Back to Journals » Neuropsychiatric Disease and Treatment » Volume 12

Autistic traits in women with primary dysmenorrhea: a case–control study

Authors Toy H, Herguner A, Simsek S, Herguner S

Received 6 June 2016

Accepted for publication 26 July 2016

Published 12 September 2016 Volume 2016:12 Pages 2319—2325

DOI https://doi.org/10.2147/NDT.S114439

Checked for plagiarism Yes

Review by Single-blind

Peer reviewers approved by Dr Amy Norman

Peer reviewer comments 2

Editor who approved publication: Dr Roger Pinder


Harun Toy,1 Arzu Hergüner,2 Sevcan Şimşek,1 Sabri Hergüner3

1Department of Obstetrics and Gynecology, Meram Faculty of Medicine, Necmettin Erbakan University, 2Child and Adolescent Psychiatry Clinic, Konya Training and Research Hospital, 3Department of Child and Adolescent Psychiatry, Meram Faculty of Medicine, Necmettin Erbakan University, Konya, Turkey

Objectives: Recent studies have shown that women with autism spectrum disorder have higher rates of menstrual problems, including irregular menstrual cycles, unusually painful periods (dysmenorrhea), and excessive menstrual bleeding. In this study, we investigated the autistic traits in female university students with primary dysmenorrhea (PD).
Methods: Seventy females with PD and 70 females without PD were enrolled in the study. The Autism Spectrum Quotient (AQ) was used to measure autistic traits and the Brief Symptom Inventory was used for evaluating anxiety and depression levels. The dysmenorrheal pain was assessed by visual analog scale (VAS), coded from 0 to 10. Weight and height were measured, and the body mass index was calculated.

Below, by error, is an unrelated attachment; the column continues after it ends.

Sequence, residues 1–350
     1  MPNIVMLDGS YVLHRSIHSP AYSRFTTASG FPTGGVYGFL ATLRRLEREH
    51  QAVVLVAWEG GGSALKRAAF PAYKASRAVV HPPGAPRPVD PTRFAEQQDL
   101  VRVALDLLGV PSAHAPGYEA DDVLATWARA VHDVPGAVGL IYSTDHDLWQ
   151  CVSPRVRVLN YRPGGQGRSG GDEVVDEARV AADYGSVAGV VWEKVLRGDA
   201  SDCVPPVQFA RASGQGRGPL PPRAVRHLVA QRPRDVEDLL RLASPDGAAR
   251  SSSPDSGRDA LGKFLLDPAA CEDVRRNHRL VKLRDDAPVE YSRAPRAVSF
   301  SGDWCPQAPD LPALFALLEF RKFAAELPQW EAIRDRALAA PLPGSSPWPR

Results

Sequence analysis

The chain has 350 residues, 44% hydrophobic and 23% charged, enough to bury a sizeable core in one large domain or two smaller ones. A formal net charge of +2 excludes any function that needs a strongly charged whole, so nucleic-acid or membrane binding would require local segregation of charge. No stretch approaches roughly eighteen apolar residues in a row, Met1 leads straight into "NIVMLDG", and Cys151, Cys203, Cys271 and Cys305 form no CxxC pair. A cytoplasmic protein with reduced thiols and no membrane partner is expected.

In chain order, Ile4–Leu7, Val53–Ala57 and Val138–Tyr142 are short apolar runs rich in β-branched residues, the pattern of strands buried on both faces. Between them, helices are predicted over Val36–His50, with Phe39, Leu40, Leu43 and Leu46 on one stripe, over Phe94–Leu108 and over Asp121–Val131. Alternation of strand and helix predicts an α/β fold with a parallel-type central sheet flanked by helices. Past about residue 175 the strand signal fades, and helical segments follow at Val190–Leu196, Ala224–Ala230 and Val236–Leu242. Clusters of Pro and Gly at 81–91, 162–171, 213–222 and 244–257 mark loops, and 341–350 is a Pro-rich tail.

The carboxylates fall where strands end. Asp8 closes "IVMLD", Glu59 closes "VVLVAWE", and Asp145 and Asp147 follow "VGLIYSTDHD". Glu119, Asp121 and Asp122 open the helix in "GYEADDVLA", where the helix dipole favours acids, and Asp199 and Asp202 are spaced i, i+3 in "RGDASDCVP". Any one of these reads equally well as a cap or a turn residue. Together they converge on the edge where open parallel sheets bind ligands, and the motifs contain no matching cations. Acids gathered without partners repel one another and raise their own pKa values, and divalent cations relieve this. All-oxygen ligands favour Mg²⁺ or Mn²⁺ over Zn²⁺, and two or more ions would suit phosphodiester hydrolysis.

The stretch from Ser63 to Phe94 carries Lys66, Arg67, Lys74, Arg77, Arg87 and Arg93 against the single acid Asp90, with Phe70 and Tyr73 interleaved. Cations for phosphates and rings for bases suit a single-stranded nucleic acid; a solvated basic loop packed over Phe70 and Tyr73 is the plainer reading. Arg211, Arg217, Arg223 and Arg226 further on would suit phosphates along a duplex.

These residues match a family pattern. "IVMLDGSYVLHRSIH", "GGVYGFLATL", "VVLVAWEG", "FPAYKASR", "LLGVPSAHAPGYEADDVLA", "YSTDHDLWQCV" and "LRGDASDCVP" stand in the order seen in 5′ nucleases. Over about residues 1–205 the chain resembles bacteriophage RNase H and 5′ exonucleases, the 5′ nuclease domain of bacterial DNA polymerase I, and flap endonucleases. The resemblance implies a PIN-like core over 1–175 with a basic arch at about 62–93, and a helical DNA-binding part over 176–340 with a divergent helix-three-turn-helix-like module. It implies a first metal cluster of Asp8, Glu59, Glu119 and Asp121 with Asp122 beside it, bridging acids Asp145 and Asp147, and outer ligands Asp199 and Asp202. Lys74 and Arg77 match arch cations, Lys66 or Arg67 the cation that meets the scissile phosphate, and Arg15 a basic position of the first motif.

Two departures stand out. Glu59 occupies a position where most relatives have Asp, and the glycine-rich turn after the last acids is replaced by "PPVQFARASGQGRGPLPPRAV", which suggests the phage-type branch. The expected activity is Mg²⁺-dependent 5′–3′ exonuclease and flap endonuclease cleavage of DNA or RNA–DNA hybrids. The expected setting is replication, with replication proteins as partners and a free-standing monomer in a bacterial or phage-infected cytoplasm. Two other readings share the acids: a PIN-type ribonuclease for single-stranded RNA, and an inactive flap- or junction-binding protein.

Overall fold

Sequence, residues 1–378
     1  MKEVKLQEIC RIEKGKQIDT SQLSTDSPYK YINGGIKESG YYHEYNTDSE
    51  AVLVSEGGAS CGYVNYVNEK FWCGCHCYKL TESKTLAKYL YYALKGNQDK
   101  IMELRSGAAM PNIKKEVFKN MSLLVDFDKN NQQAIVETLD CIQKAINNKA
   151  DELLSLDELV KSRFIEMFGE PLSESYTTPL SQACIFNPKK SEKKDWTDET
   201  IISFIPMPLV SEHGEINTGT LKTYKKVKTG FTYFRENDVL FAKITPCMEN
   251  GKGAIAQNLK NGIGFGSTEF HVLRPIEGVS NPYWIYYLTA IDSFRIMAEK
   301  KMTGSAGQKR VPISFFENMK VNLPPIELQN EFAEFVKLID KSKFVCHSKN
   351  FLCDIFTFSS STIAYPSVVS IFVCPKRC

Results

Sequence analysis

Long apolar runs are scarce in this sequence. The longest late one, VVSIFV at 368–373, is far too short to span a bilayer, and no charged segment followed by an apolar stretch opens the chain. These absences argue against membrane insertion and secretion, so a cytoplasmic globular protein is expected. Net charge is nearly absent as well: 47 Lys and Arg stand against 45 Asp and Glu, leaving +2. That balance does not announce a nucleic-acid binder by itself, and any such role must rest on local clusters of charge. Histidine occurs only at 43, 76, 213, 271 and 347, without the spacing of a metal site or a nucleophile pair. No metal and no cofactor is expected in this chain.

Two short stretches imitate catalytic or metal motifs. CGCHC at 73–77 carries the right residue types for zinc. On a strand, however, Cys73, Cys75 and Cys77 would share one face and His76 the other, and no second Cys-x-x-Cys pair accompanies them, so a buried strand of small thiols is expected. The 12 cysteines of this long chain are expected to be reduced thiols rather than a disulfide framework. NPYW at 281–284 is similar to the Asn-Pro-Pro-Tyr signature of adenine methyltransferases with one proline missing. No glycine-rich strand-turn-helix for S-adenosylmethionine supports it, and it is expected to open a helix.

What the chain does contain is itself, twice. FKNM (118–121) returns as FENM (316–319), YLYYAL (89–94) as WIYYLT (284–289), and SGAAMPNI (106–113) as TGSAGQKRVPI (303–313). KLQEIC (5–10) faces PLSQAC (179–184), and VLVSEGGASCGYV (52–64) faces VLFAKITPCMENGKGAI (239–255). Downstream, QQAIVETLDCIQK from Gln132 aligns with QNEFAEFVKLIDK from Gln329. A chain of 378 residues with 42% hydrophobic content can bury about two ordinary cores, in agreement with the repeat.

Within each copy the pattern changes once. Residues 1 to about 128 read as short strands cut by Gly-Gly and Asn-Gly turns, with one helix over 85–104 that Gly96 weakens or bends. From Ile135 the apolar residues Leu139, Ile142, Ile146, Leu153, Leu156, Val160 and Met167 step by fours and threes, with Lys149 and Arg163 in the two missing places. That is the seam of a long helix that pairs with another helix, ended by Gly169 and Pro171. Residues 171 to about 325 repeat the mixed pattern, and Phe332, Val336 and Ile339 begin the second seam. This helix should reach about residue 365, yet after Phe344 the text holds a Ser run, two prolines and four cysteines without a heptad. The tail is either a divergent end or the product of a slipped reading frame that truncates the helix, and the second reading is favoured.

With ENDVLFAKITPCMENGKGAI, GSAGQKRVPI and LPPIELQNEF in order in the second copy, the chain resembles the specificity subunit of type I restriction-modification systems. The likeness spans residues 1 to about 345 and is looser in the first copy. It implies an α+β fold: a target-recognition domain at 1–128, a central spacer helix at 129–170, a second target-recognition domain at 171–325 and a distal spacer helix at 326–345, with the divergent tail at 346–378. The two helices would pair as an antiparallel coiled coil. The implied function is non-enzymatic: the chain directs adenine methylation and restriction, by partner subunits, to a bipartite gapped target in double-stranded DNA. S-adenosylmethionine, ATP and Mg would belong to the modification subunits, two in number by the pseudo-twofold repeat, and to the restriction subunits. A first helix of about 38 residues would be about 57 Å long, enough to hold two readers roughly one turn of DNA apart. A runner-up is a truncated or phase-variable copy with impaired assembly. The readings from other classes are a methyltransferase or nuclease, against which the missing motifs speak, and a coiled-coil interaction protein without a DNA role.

Results: There were no statistical differences between the groups in terms of age, duration of education, and body mass index. Women with PD had higher AQ – Total, and AQ – Attention Switching subscale scores than subjects without PD. Spearman analysis revealed that AQ – Total and AQ – Attention Switching scores were correlated with VAS. According to the linear regression analysis, VAS was predicted only by AQ – Attention Switching subscale.
Conclusion: Our findings showed an association between autistic traits and dysmenorrhea in typically developing females.

Keywords: primary dysmenorrhea, autistic traits, androgens

Creative Commons License This work is published and licensed by Dove Medical Press Limited. The full terms of this license are available at https://www.dovepress.com/terms.php and incorporate the Creative Commons Attribution - Non Commercial (unported, v3.0) License. By accessing the work you hereby accept the Terms. Non-commercial uses of the work are permitted without any further permission from Dove Medical Press Limited, provided the work is properly attributed. For permission for commercial use of this work, please see paragraphs 4.2 and 5 of our Terms.

Download Article [PDF]  View Full Text [HTML][Machine readable]